Audio clip: Green Finch and Linnet Bird. Requires RealAudio
The heroine and fiancée of the sailor in Prest's String of Pearls, Johanna originally had no relation to Sweeney Todd other than circumstance. Nevertheless, through all the retellings over the years, Johanna has consistently been portrayed as an intelligent, strong-minded and courageous girl. In most versions of the story, she sets out on her own to find her missing lover, hiding her true identity, eavesdropping and digging up clues. In some early penny dreadfuls, Johanna, disguised as a boy, is even hired by Sweeney to be his apprentice after Tobias has been packed off to the asylum.
Christopher Bond strengthens the relationship between Johanna and Sweeney Todd, making her his long-lost daughter, though she is not aware of their relationship until the final moments of the play. Imprisoned in the house of the disgusting Judge Turpin, her self-appointed guardian, she refuses the old man's overtures of marriage and pursues, with characteristic single-mindedness, her true love, Anthony Hope. When the despicable Beadle locks her up in the lunatic asylum, she is the one who shoots Jonas Fogg, enabling her and her lover to escape. Though she is no damsel-in-distress, it is important to note that Bond unravels the plot in such a way that Johanna is never fully aware of Sweeney's heinous crimes.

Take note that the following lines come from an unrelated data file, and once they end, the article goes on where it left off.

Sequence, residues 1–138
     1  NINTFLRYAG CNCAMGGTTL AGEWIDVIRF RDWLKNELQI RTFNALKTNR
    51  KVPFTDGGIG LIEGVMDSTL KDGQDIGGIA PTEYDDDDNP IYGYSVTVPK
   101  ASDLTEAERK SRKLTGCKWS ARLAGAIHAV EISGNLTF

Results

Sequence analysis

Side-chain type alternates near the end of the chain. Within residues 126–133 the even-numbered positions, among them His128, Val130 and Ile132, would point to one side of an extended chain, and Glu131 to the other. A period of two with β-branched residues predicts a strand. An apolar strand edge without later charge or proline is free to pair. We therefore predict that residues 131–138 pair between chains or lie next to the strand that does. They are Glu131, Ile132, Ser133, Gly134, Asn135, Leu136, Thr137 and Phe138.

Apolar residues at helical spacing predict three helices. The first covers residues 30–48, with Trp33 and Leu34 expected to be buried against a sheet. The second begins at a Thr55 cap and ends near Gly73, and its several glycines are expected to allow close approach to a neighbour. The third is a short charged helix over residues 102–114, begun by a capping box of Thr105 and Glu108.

Lisa Vroman, currently starring on Broadway as Christine in The Phantom of the Opera, garnered Theater Critics Awards in that role in a record-setting San Francisco run. She was the guest star of the PBS special Hey, Mr. Producer!, the London Royal Gala Benefit honoring Sir Cameron Mackintosh. Her Broadway debut was in Aspects of Love, and she was the first to play both Fantine and Cosette in Les Miserables. At the American Concervatory Theatre she appeared in The Threepenny Opera. She has performed with the Greater Miami Opera, Lake George Opera, and Pittsburgh Opera. Ms. Vroman's appearances with orchestras include the Chicago, Phoenix, and Detroit symphonies, with a repertory ranging from Broadway to Stravinsky. She made her San Francisco Symphony debut in the 1996 American Festival and has performed in SFS holiday concerts, Summer in the City performances, and the 1999 Stravinsky Festival. Ms. Vroman can be heard on CD with the San Francisco Ballet Orchestra in Music by Debussy, and on Christmas Center Stage, a benefit for pediatric AIDS in the Bay Area. She is the recipient of a George London Competition Grant and Potsdam State University Alumni Association's 1999 Minerva award. She recently released her first solo CD, Broadway Classic, featuring an all Bay Area symphony orchestra.
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